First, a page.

- Teas, coffees and "smoky flavorings" could have the same effect as chemotherapy
- Researchers found the flavorings activate a repair gene called p53
- More research is needed to determine the extent of the damage
Plants are all-natural sources of all things good for us, right? It turns out some of our favorite plant-based flavorings may do more harm than good.
Scientists from Johns Hopkins Kimmel Cancer Center report in the journal Food and Chemical Toxicology that teas, coffees and "smoky flavoring" could be damaging our DNA at levels comparable to that caused by chemotherapy drugs.
The food chemistry and biology researchers tested the effects of some popular foods and food flavorings on cell cultures in the lab and discovered that a well-known repair gene called p53 that protects cells from becoming cancerous, was highly activated by compounds in black and green teas, coffee and liquid smoke flavoring, which is used to add smokey flavor to sausages and meat substitutes.
The foods caused a 30-fold increase in p53 activity when they were added to the cells, which is comparable to the effect that the chemotherapy drug etoposide can have on the cancer-suppressing gene.
p53 is stimulated when DNA is damaged, and the gene triggers a series of responses that attempt to repair the affected DNA. The greater the damage to the DNA, the more p53 becomes activated, and researchers have come to view p53 levels as a marker for DNA in distress.
To measure the p53 activity, the researchers tagged the gene in a bunch of human cells to a fluorescent marker that would glow when the gene was activated, and then added diluted amounts of the foods and flavorings.
They let the cultures sit for 18 hours. Cultures with the black and green teas, coffee and liquid smoke all began to glow, indicating that p53 was hard at work doing damage control. Tests with other flavorings, including fish and oyster sauces, smoked paprika, wasabi powder and kim chee, didn't activate p53 to the same levels.
It turns out that these foods and flavorings share in common some chemicals — pyrogallol and gallic acid — that the researchers believe are responsible for damaging the DNA and setting off p53. Pyrogallol is found in smoked foods as well as hair dye, tea, cigarette smoke, and coffee. Gallic acid is a type of pyrogallol and is primarily found in coffees and teas.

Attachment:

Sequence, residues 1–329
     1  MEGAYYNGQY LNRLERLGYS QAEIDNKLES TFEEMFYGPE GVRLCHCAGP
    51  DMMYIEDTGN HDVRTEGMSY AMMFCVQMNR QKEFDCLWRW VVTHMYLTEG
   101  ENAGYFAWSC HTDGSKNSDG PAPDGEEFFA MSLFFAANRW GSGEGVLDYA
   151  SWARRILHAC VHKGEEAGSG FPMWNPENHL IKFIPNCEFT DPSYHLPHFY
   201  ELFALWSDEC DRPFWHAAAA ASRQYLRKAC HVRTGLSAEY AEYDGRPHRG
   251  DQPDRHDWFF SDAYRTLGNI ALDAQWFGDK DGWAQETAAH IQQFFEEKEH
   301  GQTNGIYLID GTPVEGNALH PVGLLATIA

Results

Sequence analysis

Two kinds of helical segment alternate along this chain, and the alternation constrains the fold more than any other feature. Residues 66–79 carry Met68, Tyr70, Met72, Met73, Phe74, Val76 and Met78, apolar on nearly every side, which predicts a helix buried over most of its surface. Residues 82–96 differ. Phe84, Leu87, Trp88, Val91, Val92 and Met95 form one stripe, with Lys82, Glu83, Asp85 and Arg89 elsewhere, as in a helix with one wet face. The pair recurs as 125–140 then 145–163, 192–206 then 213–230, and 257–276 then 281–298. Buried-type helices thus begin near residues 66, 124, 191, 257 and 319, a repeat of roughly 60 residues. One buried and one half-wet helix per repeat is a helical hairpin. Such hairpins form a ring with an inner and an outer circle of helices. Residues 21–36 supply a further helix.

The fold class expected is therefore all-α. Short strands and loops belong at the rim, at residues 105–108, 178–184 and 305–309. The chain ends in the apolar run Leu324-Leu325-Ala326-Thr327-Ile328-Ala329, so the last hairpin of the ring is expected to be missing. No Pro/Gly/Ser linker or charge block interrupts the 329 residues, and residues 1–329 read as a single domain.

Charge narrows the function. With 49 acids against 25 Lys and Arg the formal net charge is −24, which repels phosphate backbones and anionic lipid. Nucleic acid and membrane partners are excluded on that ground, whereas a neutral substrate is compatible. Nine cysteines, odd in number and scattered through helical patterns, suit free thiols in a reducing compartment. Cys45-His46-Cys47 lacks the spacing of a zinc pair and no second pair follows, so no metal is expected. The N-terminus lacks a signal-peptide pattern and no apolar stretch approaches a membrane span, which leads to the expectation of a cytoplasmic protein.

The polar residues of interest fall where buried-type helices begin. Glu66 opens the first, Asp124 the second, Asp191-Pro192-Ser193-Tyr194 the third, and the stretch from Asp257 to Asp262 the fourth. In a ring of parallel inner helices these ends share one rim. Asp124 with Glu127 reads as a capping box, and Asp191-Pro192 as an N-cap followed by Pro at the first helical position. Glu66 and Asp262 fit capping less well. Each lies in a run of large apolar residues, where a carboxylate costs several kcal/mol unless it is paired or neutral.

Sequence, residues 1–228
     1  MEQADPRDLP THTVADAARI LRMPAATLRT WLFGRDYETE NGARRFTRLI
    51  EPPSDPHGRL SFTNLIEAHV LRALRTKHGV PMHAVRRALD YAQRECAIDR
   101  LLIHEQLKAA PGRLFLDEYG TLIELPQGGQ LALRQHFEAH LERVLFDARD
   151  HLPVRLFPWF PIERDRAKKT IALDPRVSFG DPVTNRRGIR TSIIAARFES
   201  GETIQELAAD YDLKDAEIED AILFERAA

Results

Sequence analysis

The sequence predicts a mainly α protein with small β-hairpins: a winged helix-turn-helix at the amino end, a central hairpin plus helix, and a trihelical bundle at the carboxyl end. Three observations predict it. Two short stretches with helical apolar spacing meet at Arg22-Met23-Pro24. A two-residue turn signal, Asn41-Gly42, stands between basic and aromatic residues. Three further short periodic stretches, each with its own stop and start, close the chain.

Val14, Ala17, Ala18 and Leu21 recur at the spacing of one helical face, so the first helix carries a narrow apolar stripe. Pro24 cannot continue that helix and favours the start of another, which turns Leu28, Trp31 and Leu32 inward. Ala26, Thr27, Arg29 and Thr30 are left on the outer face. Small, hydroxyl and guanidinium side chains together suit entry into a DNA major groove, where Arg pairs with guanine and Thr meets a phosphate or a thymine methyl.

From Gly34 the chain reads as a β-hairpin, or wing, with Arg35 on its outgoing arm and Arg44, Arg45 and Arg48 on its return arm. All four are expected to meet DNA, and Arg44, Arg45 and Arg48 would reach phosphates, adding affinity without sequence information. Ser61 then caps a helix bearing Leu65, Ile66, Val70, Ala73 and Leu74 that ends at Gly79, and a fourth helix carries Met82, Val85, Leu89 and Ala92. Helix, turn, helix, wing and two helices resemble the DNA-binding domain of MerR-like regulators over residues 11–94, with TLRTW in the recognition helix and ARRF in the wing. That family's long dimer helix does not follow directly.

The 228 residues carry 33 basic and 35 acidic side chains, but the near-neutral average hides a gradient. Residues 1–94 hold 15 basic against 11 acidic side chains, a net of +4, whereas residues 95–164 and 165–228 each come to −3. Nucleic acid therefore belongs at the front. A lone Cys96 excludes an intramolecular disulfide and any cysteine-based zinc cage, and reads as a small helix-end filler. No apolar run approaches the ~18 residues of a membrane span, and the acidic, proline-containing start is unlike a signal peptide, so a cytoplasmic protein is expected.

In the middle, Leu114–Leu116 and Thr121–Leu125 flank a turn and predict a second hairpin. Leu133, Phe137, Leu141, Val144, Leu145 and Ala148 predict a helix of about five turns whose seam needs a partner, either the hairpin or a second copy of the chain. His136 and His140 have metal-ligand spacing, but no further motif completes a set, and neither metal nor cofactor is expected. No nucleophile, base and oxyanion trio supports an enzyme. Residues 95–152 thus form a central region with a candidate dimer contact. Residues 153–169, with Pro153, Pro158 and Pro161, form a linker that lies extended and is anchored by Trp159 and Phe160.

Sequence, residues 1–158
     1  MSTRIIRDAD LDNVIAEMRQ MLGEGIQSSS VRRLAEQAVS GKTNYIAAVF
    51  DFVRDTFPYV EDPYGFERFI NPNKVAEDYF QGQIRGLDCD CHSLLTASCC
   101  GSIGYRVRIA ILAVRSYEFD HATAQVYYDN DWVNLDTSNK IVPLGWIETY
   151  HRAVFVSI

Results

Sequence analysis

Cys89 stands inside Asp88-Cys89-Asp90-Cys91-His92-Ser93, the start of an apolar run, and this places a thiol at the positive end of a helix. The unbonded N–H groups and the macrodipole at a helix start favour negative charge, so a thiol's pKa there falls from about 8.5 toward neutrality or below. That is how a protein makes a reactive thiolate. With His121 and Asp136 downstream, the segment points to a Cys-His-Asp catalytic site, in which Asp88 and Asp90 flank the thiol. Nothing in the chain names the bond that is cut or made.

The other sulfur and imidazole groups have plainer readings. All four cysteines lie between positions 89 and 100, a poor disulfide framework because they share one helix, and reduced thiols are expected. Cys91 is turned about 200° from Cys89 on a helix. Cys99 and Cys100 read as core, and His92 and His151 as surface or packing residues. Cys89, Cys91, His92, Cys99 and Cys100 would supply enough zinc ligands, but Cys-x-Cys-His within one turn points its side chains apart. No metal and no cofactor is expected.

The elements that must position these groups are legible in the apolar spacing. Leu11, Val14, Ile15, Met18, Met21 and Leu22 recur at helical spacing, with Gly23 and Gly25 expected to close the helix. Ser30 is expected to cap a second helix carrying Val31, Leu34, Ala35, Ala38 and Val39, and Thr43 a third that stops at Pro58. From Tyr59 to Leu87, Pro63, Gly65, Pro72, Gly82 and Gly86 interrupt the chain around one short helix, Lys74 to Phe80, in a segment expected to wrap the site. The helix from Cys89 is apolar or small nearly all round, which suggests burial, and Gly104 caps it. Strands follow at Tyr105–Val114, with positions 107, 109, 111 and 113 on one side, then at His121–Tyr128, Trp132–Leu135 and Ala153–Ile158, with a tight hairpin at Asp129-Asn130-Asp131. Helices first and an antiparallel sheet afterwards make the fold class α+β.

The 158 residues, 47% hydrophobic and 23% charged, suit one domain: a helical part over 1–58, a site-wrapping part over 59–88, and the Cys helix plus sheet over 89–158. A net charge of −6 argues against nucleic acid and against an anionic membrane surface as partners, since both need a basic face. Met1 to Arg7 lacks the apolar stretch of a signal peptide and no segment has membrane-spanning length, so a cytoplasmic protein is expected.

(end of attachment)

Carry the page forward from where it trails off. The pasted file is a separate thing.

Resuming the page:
It's not clear how these agents act on DNA, but the harm is concerning enough to raise the alarm for p53 to swoop in and attempt to right the genetic wrongs.
Previous studies have documented similar DNA damage from liquid smoke on the stomach lining in rats, but whether it has the same effect on humans isn't known.
On human cells, at least, the effect was striking. "We found that liquid smoke, when diluted a thousand fold, was still as strong as the concentration of etoposide in a cancer patient being treated with etoposide. In fact, it works much the same way. Etoposide in cancer patients damages DNA, that's how you get rid of the cancers, but it also has side effects," says study author Dr. Scott Kern, the Kovler Professor of Oncology and Pathology at the Johns Hopkins University School of Medicine.
Why would plants harbor such potentially damaging agents? It's possible they help to protect them, primarily from herbivores looking for their next meal.
"Plants have been trying to keep animals from eating them for a long time. The plants make poisons, and animals develop defense mechanisms to take on the poisons. They have done this to such a great extent that some of these initial poisons can be considered nutrients and just food," says Kern.
Which means that their ability to cause changes in DNA isn't necessarily a cause for alarm.
"When you find something damaging in food, you can't overreact. You have to think, is this one we could be made to handle normally, or is this one that should worry us? In this report, we don't know the answer to that question," he says.
Some of the aberrations caused by these plant-based chemicals may be ones that p53 is perfectly capable of fixing, for example, although more research is needed to determine how extensive the damage is, and what effect those aberrations may have on our health.
"There's no doubt our body tries to repair (the damage). It might do a very good job of it. So if we found the signature was a really weak one, I would worry a lot less," says Kern. "It means we can repair this damage really easily. If the signature, however, involves big deletions of DNA or some structural DNA lesions it leaves behind, then we could look for these calling cards in diseases (such as cancer)."
In the meantime, the researchers are not suggesting that people stop drinking tea or coffee or enjoying smoky-flavored foods. Still, it doesn't hurt to be cautious. Kern, who enjoys cooking himself, has switched to using a smoky scotch to flavor some of his foods.
This article was originally published on TIME.com.